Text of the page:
Philly’s first S.E.E.D. festival sees big crowds, small portions | The Triangle

Philly’s first S.E.E.D. festival sees big crowds, small portions

Alexandra Jones The Triangle
Alexandra Jones The Triangle

Philly may not have held a VegFest this year, but in its wake, Home Brewed Events and EatYourPHL presented a new Sustainable Everyday Edibles and Drinkables (S.E.E.D.) festival geared toward the city’s vegan populace. As a Philly vegan myself, I was revved and ready for this event and had been looking forward to it since June.

This was the festival’s first year, so there were bound to be some kinks, but I wasn’t counting on a lack of food being one of them. To comprehend this festival’s shortcomings, you’ll first need to understand vegans. Vegans, for those readers who remain unaware, are individuals who choose not to consume animal products for ethical and environmental reasons. This means no meat, no dairy, no eggs and no honey because we perceive the industries that harvest these products to be cruel and we value the fair treatment of animals. Most of us think about being vegan as a religious choice. One where we’re shoving a shoe into the crotch of society. For justice.

The average omnivore does raise a valid point about veganism, however. It can be difficult to find places we feel comfortable eating. If we go to a restaurant with friends, we usually only have one or two choices. Sometimes we even need to modify things on the menu in order to create a dish that falls within the confines of our diet. We don’t mind this daily strife, but it’s a large reason why vegan festivals, where we can eat whatever we want without inquiring about ingredients, mean the world to us.

I was hype for S.E.E.D. fest. I figured it’d be a ton of tasty vegan food in one area, that I’d encounter a few new restaurants and walk away with a stomachache and a bag of free giveaways. In actuality, what happened Aug. 14 was that I knocked back eight sample-size cups of macaroni like shots and then Ubered off to HipCityVeg to get myself some real food.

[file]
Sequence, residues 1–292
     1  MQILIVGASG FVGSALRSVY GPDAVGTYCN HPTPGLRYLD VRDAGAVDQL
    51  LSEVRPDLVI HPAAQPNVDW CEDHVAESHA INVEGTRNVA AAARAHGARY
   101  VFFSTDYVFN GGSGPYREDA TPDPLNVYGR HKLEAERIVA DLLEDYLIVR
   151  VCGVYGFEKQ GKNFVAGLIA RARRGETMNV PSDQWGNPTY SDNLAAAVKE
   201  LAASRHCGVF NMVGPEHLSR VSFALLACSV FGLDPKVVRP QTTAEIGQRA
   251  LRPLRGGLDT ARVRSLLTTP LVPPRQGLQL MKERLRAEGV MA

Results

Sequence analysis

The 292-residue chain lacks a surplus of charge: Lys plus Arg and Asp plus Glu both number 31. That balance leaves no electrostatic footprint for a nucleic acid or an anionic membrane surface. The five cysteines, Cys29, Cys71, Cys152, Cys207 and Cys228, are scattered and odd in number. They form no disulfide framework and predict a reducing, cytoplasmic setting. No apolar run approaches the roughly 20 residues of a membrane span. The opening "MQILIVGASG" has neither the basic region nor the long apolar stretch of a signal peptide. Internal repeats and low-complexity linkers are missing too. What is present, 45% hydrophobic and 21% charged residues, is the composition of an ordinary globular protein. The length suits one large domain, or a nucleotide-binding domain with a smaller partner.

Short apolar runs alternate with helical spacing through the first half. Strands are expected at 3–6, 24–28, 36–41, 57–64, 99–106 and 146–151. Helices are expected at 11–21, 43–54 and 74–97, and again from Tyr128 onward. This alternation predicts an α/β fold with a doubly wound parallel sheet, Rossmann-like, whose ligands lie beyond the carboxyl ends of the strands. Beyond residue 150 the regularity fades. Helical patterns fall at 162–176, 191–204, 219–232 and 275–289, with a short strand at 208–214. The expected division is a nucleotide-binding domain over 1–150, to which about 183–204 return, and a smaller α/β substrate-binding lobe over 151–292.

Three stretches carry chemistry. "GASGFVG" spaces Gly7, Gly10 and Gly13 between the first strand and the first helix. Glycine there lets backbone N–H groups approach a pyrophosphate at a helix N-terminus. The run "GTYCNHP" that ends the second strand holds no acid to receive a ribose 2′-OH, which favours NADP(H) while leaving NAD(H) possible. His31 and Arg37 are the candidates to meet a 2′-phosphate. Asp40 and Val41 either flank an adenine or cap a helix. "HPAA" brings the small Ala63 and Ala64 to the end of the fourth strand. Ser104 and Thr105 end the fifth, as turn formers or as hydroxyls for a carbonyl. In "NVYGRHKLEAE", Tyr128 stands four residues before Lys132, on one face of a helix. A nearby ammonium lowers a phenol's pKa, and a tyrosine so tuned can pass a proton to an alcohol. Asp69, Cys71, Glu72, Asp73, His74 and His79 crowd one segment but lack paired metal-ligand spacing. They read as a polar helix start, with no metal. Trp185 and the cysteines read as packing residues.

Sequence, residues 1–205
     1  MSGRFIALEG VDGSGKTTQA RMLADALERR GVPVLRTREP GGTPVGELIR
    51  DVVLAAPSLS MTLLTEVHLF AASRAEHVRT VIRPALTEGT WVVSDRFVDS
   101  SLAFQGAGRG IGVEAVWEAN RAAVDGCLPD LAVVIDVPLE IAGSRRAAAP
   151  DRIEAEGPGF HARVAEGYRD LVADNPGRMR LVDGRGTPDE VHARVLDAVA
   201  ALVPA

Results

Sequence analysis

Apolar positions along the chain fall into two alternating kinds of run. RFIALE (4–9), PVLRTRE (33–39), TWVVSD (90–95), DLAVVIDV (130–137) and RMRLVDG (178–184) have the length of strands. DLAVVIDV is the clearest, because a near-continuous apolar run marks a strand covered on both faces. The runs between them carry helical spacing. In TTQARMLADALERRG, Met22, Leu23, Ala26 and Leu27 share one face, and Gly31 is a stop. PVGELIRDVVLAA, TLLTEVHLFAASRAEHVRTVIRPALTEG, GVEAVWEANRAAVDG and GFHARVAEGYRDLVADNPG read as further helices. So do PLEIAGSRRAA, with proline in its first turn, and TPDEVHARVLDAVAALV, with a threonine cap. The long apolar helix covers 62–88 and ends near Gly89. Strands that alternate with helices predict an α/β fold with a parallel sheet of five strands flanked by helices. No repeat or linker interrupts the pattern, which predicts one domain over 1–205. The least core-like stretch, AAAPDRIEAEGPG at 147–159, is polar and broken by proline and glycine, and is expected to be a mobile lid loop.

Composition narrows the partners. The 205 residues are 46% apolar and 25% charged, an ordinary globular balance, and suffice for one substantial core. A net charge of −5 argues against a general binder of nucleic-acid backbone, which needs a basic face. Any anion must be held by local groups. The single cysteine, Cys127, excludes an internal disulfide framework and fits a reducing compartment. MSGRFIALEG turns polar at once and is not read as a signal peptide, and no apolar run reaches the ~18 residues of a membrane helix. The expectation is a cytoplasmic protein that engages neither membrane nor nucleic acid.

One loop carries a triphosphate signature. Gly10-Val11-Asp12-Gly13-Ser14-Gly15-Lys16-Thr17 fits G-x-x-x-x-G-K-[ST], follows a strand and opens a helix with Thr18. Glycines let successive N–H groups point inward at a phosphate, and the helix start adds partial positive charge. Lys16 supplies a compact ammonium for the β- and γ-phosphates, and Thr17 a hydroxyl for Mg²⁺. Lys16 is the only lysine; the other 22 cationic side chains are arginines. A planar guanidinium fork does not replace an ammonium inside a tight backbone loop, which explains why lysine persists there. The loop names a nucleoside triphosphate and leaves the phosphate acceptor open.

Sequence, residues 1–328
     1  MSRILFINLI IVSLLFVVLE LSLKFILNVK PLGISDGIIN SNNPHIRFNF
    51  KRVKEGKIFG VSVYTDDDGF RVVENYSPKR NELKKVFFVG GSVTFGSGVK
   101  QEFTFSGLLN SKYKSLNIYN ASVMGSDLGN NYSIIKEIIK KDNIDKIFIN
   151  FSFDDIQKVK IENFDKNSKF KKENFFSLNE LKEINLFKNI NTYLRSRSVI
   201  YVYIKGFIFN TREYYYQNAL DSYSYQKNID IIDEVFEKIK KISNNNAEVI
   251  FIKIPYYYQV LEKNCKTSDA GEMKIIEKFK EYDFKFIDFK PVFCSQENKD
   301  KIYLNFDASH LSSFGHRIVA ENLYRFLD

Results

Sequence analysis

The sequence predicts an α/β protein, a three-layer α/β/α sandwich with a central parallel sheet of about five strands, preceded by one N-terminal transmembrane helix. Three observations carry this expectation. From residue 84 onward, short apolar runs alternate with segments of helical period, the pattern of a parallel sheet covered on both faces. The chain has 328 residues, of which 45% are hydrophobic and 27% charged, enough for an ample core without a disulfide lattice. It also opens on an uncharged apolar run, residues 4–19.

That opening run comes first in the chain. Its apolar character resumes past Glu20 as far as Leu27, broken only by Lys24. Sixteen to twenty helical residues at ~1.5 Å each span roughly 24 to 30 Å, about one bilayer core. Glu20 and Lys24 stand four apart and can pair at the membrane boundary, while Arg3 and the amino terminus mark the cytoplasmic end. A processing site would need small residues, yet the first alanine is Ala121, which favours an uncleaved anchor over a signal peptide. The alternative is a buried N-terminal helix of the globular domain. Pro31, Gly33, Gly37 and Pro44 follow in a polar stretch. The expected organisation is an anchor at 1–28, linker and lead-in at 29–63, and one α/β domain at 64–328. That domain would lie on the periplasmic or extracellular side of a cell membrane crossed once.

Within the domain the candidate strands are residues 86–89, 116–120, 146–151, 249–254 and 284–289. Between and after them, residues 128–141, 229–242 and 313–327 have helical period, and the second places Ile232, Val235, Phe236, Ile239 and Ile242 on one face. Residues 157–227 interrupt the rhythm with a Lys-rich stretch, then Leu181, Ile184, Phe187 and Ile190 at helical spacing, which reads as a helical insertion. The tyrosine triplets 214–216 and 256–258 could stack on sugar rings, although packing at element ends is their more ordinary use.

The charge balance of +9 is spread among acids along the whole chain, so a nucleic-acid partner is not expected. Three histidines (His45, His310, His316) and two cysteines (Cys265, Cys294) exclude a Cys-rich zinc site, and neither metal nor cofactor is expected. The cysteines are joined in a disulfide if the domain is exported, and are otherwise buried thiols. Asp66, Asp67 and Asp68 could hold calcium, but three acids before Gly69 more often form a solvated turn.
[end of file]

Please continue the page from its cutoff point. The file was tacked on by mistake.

The event began at 2 p.m. for V.I.P. guests, an hour before the joint opened to general admission plebeians. My dad and I hustled up to the check-in counter and grabbed our special S.E.E.D. beer-tasting glasses, the Humane League’s 2016 Veg Dining Guide and a map of the venue, which detailed the various vendors’ locations.

At this point, I hadn’t eaten anything that morning and was ready to stuff myself senseless. S.E.E.D. was advertised to vegans as if it would be a smorgasbord with food and drink galore, but unfortunately for me it only had drink.

Unlike my predecessor, editor emeritus Justin Roczniak, I know nothing about beer. Nothing. I was actually drinking a peach sage tonic during the event at one point and had to ask my dad if it was beer. That’s the level of alcohol ineptitude we’re dealing with here. (It shouldn’t be surprising then that I am unable to provide any sort of review for the alcohol portion of the fest.)

The event organizers set up the venue to showcase two little rectangles of beer vendors in the center, all manning their stations from their respective tables. My father, who reacts to beer the way my dog reacts to squirrels, immediately lunged at the Sly Fox Brewery station, eager to check out some sort of brew. He said it was “great stuff,” for what it’s worth and that the place was “an excellent brewing company.”

After five long minutes of chit chat, I yanked him away from the table and we took a lap to look for food.